- Carlos Serrano (@carliserrano)
- BBC News World
Since he was in high school, Erwin Neher, out of curiosity, took apart radios and clocks to see how their electrical mechanisms worked.
Then he learned that the human body also has electricity, a fact that he found so fascinating that it led him to study biophysics, an area of science that deals with electrical phenomena in living organisms.
Neher was struck by the fact that something like electricity, which is manipulated with wires, transistors, and resistors, could also occur in a body, which is full of liquids and without any metal.
Neher (Germany, 1944) studied physics at the Technical University of Munich, medicine at the University of Göttingen (Germany) and specialized in physiology at the University of Wisconsin-Madison (USA).
What was born as an adolescent restlessness, in 1991 led him to win the Nobel Prize in Medicine, which he received with his colleague Bert Sakmann.
For decades, Neher and Sakmann had studied the way cells exchange electrical messages.
In this way, they managed to develop techniques to measure the electric currents that flow through cell membranes.
Thanks to this discovery, a large number of drugs have been developed, including some to treat diseases such as Parkinson’s, Alzheimer’s and cystic fibrosis.
Today, at 77, Neher remains convinced that curiosity was what allowed him to achieve the highest distinction in science, and in his talks on world stages he always advises young people stay curious.
Neher is currently the director of the Max Planck Institute for Biophysical Chemistry in Germany.
At BBC Mundo we spoke with Neher about curiosity and science.
What is curiosity, a quality or a habit?
I think it is a quality we all have, particularly children. They want to explore the world, they want to find out, to try things out.
A researcher is someone who preserves that curiosity as an adult. He is someone whose mind is captivated by the desire to know, to try, to understand something.
Do you think that as we grow older we lose curiosity?
Yes, as we get older things like supporting your family or being financially sound tend to come to the fore, things like that.
When you get older you may have the feeling that the chances of finding something new or of achieving a new experience diminish, but as a scientist you are always confronted by new questions, new ideas.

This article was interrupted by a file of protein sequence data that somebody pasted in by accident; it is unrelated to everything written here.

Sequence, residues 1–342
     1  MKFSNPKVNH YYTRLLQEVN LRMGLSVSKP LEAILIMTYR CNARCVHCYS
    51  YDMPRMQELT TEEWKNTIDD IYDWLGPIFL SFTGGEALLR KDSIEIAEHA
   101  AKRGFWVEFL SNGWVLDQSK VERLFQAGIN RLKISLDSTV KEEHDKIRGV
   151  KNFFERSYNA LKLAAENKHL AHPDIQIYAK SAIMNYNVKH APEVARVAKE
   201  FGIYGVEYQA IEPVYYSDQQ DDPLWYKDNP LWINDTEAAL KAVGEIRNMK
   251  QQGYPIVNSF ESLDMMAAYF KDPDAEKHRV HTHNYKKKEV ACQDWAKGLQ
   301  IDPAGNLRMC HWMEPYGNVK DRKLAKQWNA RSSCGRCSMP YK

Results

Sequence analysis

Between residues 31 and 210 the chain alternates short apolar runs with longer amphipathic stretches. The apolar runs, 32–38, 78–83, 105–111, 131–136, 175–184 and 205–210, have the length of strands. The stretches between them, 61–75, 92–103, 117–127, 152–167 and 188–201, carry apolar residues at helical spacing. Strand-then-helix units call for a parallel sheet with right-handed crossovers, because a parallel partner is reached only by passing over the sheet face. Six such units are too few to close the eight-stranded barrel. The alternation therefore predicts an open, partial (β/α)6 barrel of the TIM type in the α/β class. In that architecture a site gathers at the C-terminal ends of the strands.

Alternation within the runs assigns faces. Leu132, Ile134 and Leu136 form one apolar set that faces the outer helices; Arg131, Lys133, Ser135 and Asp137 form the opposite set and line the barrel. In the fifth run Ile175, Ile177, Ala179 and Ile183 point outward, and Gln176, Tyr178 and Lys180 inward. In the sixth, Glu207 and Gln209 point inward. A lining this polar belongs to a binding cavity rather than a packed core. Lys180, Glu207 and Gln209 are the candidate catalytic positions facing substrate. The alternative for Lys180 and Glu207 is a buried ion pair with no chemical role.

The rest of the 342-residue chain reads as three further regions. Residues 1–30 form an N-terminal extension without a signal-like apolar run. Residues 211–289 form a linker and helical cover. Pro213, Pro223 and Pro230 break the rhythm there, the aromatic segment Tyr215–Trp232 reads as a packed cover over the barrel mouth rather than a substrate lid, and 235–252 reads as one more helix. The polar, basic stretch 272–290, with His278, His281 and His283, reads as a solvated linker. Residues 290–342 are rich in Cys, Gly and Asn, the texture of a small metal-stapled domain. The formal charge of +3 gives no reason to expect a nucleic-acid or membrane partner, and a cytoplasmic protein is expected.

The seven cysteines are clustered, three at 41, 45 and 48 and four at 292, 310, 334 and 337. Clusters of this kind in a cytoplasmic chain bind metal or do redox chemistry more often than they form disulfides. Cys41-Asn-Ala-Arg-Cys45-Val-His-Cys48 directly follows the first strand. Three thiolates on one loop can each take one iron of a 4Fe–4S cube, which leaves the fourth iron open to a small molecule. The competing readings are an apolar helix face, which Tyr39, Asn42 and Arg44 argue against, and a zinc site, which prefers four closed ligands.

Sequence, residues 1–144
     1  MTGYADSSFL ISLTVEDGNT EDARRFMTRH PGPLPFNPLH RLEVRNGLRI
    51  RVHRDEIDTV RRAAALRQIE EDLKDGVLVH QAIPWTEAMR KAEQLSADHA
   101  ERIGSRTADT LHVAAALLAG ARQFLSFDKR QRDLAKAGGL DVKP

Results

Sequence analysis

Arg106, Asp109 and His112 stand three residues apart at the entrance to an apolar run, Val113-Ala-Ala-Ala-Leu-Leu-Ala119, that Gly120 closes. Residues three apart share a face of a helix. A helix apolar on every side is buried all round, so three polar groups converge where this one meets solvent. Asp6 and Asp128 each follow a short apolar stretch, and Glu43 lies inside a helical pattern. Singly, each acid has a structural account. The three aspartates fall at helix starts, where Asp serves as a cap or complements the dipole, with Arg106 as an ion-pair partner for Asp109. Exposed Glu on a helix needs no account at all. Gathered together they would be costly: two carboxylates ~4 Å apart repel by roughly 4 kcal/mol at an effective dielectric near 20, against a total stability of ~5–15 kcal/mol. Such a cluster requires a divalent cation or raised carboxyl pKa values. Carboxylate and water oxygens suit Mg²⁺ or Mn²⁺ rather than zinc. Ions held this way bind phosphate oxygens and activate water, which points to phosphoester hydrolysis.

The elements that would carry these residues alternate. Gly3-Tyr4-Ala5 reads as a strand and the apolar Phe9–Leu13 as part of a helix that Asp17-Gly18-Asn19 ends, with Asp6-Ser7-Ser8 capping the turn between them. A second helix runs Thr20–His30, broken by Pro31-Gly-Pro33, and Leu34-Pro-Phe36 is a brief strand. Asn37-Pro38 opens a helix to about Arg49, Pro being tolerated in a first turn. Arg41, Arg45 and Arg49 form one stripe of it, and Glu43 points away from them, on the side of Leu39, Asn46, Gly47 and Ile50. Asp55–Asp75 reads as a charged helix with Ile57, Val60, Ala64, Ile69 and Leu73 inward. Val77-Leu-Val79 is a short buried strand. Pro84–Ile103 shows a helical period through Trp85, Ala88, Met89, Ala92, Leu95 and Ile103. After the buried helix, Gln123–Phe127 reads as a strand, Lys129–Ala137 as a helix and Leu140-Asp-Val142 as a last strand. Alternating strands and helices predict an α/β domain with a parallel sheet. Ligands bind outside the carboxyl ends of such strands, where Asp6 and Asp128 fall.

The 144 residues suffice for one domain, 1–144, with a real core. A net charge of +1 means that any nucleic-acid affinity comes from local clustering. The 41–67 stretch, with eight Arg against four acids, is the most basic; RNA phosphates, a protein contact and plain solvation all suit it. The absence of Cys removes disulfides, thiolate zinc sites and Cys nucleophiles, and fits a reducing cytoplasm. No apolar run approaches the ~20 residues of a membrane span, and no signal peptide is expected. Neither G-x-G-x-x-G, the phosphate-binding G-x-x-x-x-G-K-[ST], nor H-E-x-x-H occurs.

Do you have a way to stay curious?
I think it’s just about keeping trying new things.
In the case of children, it is about letting them do things for themselves, finding out for themselves the laws of physics.
Do you think leducational systems stimulatesn curiosity?
In college I think not much. Traditionally, the idea is to pass on established knowledge.
Then, in practice, students can try things and find ways to solve certain problems.
Later, in doctoral studies or master’s theses, students face challenges that definitely pique their curiosity.
A good number of students, not all, develop this curiosity, it is a good opportunity to do so.
And what could be done to further stimulate curiosity in universities?
I think it has to do with the way of teaching. That is to say, that it is not only what we call frontal education, that in which the teacher censors and says what he thinks is the truth and the students have to accept it.
Instead, it can be a more interactive education, in which questions are asked and students try to find their own answers to certain problems.
I think that’s the main thing.
Curiosity is a good first step, but how do you a level what dand fruit?
As a researcher, you have to find out for yourself what is the question you want to solve.
A researcher needs a curiosity that will trap him in an idea that he can hardly stop thinking about.
That is the most important thing, identifying the problem you want to solve and looking at it from different angles.
Then you do experiments that lead to more specific questions.
In the laboratory you can answer some of these questions, often you fail, the experiment does not tell you what you expected, or it does not tell you anything new.
That, of course, is disappointing, but if you keep thinking about those questions you make some adjustments to fix what didn’t work, and if you’re lucky, it works.